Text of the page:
Table 3: 1999 Sweet Corn Herbicide Test · John Case Farm, Olathe, Colorado

Crop Response 1 1/_
Treatment
Rate/A
Plant Population/A
Yield Boxes/A
Weight of 12 Ears/lbs
Band
Broadcast
Band
Broadcast
Band
Broadcast
1. Micro-Tech 2/_
2.5 pts
21024 20327 373 332 9.6 A 9.5 A
2. Frontier
20 oz
20444 19398 310 302 9.9 A 10.2 A
3. Frontier
24 oz
22186 18701 397 264 9.4 A 8.8 A
4. Eradicane
7 pts
21025 17075 334 264 8.4 A 8.9 A
5. Dual Magnum II
1.0 pt
22418 19747 411 351 9.8 A 9.5 A
6. Dual Magnum II
1.2 pts
22070 18933 339 346 9.9 A 9.7 A
7. Dual Magnum II
1.33 pts
21489 21605 356 358 10.4 A 9.4 A
8. Surpass
2.5 pts
19747 19979 341 336 8.7 A 10.2 A
9. Prowl
2.4 pts
21141 20676 300 341 9.4 A 9.8 A
10. Harness
2.0 pts
20908 21257 392 324 9.3 A 9.7 A
11. Untreated Control
0
21373 19514 375 293 9.3 A 8.9 A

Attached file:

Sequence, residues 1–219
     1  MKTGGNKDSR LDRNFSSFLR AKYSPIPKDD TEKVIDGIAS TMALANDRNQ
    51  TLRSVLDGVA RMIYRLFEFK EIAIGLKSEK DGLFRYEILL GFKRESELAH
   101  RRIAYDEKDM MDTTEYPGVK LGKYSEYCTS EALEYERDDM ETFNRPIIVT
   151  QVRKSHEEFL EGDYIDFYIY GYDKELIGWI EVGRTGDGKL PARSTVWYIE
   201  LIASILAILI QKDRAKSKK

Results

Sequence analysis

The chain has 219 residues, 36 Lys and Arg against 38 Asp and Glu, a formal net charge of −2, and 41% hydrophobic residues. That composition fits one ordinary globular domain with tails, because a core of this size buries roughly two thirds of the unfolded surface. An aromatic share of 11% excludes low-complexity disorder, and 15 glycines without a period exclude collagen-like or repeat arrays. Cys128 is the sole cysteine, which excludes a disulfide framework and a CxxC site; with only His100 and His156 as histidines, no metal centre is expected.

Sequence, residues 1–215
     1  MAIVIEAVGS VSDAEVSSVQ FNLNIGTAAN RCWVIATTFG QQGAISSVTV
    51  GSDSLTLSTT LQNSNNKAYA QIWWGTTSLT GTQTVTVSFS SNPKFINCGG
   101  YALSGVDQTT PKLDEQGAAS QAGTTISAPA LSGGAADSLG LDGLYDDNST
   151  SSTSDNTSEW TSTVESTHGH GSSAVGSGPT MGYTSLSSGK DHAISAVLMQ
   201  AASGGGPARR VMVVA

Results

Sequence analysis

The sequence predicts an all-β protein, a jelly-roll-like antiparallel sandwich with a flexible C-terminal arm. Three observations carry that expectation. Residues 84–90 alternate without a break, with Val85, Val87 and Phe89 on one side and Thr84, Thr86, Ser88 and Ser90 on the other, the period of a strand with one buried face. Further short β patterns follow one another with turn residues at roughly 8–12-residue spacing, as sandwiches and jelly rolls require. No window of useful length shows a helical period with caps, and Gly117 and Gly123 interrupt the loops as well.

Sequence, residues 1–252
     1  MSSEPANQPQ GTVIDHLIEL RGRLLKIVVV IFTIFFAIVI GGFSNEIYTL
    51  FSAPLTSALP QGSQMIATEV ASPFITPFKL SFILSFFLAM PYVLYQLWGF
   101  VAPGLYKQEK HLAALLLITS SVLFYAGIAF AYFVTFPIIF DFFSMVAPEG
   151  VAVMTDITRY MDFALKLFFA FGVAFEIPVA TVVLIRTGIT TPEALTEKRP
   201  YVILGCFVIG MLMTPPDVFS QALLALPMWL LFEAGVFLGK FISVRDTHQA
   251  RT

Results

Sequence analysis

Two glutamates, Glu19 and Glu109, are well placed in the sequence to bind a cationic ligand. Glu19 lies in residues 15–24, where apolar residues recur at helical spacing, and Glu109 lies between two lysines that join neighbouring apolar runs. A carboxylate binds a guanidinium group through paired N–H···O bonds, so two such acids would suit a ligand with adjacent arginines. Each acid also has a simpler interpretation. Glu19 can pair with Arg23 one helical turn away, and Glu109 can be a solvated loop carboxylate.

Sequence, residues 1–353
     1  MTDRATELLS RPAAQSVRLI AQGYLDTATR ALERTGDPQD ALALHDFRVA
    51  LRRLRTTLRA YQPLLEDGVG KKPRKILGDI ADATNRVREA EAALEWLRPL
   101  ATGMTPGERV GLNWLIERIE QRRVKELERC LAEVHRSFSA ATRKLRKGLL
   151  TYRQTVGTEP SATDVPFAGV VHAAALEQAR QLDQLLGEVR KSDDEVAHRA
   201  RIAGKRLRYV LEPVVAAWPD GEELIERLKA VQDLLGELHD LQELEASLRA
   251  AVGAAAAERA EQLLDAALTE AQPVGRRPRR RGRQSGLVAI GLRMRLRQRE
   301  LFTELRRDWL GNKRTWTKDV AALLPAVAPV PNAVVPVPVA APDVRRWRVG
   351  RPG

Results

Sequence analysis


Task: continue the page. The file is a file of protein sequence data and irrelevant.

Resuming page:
21257 A 19747 B 357 A 319B    
1/_ Values followed by the same letter are not significantly different. Values are an average of 3 replications.
2/_ Micro-Tech was incorrectly applied at 2.5 pts/A instead of recommended of 2.5 qts/A.

1999 Plot Plan · Herbicide on Sweet Corn

B=3 Rows Band applied herbicide (15" band) ----------> North
BC=3 Rows broadcast applied herbicide
Plots - 6 rows x 190 feet long - replicated 3 times
See treatment list for herbicide & Rate/A
Location - Del Mesa, Farm, East Road, West of 4 Mile Corners, John Case Cooperator

Table 4: Herbicide Treatments for 2000 Sweet Corn Test

Herbicide Treatments for 2000 Sweet Corn Test
Treatments
Rate/A
1. Micro-Tech
2.5 qts/A
2. Frontier
20 oz/A
3. Frontier
24 oz/A
4. Dual II Magnum
1.0 pt/A
5. Dual II Magnum
1.33 pts/A
6. Prowl
2.4 pts/A
7. UTC  
The above treatment numbers correspond to the plot plan and the rate/A for each treatment was applied as a 15 inch band on 3 rows of broadcast applied on 3 rows to make the 6 row plot. The band application is always in the west 3 rows of each plot and the broadcast application in the north 3 rows of each plot. Each plot is 300 feet long, replicated three times.

Table 5: 2000 Sweet Corn HerbicideTest · Duane Homewood Farm, Montrose, Colorado

Weed Populations 1/_
Treatment Rate/A
Pigweed
Lambsquarter
Nightshade
Purslane
Band Broadcast Band Broadcast Band Broadcast Band Broadcast